Echocardiography uses an echocardiogram (ultrasound of the heart) to assess the functioning and health of the the heart by creating images out of sound waves. In addition to detecting many other heart problems, echocardiograms can diagnose specific heart conditions; determine if heart abnormalities exist; and evaluate the effectiveness of procedures that have been performed on the heart. There are five basic types of echocardiograms: transthoracic (TTE); transesophageal (TEE); stress; Dobutamine stress; andintravascular ultrasound.
Exercise Stress Testing
An exercise treadmill stress test helps a cardiologist find out how well your heart handles work. As your heart rate and blood pressure increase during exercise, your heart requires more oxygen. The test can show if the blood supply to your heart is reduced (by a blockage in the heart’s arteries). It also helps uncover arrhythmias that could be causing your palpitations or fainting. A person taking the test is hooked up to an EKG to monitor the heart rhythm, and walks slowly on a treadmill. Then the speed is increased for a faster pace and the treadmill is tilted to resemble. The cardiologist can stop the test at any time if needed, and afterwards you will sit or lie down to have your heart rate and blood pressure checked. Cardiologists may recommend an exercise treadmill test to help diagnose the cause of your chest pain, shortness of breath, dizziness or palpitations.
Nuclear Stress Testing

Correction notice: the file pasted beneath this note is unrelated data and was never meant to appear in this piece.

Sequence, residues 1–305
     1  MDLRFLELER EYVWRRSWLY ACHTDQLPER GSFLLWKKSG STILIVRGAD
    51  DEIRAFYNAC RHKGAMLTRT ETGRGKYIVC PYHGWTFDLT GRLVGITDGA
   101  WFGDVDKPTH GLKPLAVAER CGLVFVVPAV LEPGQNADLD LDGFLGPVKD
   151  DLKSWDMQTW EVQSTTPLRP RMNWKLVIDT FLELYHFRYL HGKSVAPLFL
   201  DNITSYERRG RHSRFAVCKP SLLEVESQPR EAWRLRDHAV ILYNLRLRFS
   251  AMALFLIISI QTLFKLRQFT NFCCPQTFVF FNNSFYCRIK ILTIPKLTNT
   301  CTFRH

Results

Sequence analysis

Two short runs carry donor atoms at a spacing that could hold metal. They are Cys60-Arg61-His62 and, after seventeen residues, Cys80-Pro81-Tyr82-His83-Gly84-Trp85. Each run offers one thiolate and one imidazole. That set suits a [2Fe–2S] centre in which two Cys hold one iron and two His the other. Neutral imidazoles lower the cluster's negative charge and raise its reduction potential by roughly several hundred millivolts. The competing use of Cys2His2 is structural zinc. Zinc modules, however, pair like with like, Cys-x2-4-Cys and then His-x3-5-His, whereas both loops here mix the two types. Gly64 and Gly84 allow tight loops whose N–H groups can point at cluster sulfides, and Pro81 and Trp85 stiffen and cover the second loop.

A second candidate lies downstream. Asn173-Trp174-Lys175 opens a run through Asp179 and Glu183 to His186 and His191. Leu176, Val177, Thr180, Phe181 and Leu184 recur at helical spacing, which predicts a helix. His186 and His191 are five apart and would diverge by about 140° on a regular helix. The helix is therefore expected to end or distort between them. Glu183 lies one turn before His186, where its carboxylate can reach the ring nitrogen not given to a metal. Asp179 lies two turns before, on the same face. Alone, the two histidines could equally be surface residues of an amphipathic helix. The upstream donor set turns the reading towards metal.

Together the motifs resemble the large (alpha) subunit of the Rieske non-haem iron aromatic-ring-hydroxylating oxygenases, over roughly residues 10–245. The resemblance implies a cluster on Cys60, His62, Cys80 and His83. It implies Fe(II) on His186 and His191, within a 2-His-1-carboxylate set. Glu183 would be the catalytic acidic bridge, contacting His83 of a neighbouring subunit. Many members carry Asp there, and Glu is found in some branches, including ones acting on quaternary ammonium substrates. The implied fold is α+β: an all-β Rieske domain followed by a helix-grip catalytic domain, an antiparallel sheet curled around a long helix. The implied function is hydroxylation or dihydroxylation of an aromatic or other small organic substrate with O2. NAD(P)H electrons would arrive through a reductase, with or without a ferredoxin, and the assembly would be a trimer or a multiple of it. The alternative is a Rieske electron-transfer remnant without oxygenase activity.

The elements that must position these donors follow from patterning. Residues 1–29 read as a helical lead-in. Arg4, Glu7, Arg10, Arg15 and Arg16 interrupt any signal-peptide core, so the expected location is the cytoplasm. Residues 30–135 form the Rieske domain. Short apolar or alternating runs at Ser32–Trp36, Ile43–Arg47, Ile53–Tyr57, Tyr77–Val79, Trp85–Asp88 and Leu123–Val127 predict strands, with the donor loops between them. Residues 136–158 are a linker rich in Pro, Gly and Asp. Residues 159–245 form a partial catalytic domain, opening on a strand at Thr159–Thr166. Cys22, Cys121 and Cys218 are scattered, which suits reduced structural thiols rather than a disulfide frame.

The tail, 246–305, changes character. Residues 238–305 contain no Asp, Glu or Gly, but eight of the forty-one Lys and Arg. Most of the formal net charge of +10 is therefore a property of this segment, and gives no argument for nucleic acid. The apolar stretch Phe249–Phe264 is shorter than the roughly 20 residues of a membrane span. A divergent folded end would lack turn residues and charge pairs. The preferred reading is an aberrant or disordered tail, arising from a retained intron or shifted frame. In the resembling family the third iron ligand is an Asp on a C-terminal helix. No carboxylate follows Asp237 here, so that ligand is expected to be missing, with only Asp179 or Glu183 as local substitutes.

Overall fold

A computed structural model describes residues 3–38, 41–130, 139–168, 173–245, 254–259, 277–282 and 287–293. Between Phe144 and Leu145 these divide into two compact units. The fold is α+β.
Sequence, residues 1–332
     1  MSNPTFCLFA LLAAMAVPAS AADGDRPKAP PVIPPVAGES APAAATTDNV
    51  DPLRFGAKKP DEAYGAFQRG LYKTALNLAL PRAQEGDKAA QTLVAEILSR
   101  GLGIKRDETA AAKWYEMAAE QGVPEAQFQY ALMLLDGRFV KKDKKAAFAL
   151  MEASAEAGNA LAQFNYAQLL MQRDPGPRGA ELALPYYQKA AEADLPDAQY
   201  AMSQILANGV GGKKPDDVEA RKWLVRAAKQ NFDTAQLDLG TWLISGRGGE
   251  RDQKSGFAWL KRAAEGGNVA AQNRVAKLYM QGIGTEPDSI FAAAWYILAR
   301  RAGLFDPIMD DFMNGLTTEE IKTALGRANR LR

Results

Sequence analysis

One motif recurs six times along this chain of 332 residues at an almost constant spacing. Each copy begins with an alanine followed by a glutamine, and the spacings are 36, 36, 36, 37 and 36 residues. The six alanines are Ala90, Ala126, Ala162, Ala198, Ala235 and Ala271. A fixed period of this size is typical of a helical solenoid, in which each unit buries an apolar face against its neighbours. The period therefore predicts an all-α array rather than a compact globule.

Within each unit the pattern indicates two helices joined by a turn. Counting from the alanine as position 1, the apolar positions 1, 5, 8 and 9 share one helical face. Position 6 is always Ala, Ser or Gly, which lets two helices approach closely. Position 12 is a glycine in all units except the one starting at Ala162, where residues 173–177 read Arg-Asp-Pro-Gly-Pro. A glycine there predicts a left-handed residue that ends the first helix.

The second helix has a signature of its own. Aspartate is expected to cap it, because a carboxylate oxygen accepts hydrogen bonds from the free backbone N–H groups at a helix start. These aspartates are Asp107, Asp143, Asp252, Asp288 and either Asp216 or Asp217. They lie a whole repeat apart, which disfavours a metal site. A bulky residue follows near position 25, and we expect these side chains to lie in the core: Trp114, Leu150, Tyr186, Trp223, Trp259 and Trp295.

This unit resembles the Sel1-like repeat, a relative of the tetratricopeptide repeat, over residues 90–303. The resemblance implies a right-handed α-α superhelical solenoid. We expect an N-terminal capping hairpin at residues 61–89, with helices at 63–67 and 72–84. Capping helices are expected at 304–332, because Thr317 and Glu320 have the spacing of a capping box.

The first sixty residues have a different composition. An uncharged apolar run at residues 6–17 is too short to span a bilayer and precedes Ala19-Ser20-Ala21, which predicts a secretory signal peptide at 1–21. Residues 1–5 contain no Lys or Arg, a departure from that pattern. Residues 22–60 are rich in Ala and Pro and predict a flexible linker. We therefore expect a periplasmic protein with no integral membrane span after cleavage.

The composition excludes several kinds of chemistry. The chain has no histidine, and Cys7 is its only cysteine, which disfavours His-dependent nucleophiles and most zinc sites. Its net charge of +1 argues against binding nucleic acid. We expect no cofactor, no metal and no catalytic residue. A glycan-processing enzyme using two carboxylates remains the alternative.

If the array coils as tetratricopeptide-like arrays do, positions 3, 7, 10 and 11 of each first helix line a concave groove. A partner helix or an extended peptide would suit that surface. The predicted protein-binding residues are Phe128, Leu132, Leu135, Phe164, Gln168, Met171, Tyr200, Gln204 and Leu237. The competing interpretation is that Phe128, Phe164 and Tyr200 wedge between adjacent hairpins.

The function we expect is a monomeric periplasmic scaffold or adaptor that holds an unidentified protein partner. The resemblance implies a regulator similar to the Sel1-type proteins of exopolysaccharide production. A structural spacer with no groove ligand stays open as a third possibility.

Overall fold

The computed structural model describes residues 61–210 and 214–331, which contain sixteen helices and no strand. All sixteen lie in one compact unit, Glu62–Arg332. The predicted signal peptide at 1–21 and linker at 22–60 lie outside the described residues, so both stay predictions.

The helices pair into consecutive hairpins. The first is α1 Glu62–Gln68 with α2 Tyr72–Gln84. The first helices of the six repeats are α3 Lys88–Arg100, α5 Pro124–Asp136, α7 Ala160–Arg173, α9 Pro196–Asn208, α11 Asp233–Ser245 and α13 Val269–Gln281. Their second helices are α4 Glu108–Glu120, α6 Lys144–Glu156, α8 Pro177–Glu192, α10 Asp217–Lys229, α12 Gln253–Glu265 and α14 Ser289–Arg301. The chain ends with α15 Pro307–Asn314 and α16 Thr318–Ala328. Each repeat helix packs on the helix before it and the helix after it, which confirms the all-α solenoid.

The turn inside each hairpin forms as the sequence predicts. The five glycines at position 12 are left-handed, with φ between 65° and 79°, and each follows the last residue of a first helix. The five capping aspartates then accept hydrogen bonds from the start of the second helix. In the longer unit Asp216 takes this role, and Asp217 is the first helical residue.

A nuclear cardiology stress test, also known as myocardial perfusion imaging, is used to determine if the heart is receiving an adequate blood supply under both stress and rest conditions. It involves injecting into the bloodstream a small amount of radioactive material that then circulates through the body, helping to evaluate the blood flow and function of the heart. A nuclear cardiology stress test is typically given to those who have symptoms, such as shortness of breath or chest pains, that indicate coronary artery disease. It is also used to determine the risk of a heart attack, and to show if there is limited blood flow to the heart. A nuclear cardiology stress test helps to diagnose coronary artery disease, and determine the best treatment plan for serious heart conditions.
An electrocardiogram (EKG) is a test that checks for problems with the electrical activity of your heart. It is an excellent screening test that takes less than 5 minutest to perform, and can diagnose a variety of abnormal conditions with your heart.
Tilt Table Testing
A tilt table test, occasionally called upright tilt testing, is a test used to diagnose the cause of fainting. Patients suspected of having fainting from a sudden drop in blood pressure are good candidates for this test. The test starts by having the patient lie flat on a special bed, and then your EKG, heart rate and blood pressure are monitored for the remainder of the test. The table then moves from lying to standing. Most of the time, the patient is suspended at an angle of 60-80 degrees. The test either ends when the patient faints or develops other significant symptoms, or after 20 minutes if the test is normal.
Cardiac Catheterization (angiograms)
A coronary angiogram, also called cardiac catheterization, is an X-ray image of the inside of the heart’s arteries using a contrast dye. The imaging is performed to detect the approximate location of an aneurysm or a blockage that may be causing your chest pain or shortness of breath. A thin tube called a catheter is inserted through an IV into an artery in either the wrist or leg, and then carefully positioned near the heart. The contrast dye is injected and X-rays pictures are taken. If there is a blocked or damaged artery, treatment for the condition can be done at the same time with an angioplasty or stent.
Schedule a consultation
If you are interested in any cardiac evaluations and would like to know if you are a good candidate, contact our office at (516) 437-5600. Our practice serves Long Island, Queens and surrounding areas.
For more information or to make an appointment for a cardiac evaluation. it’s about time!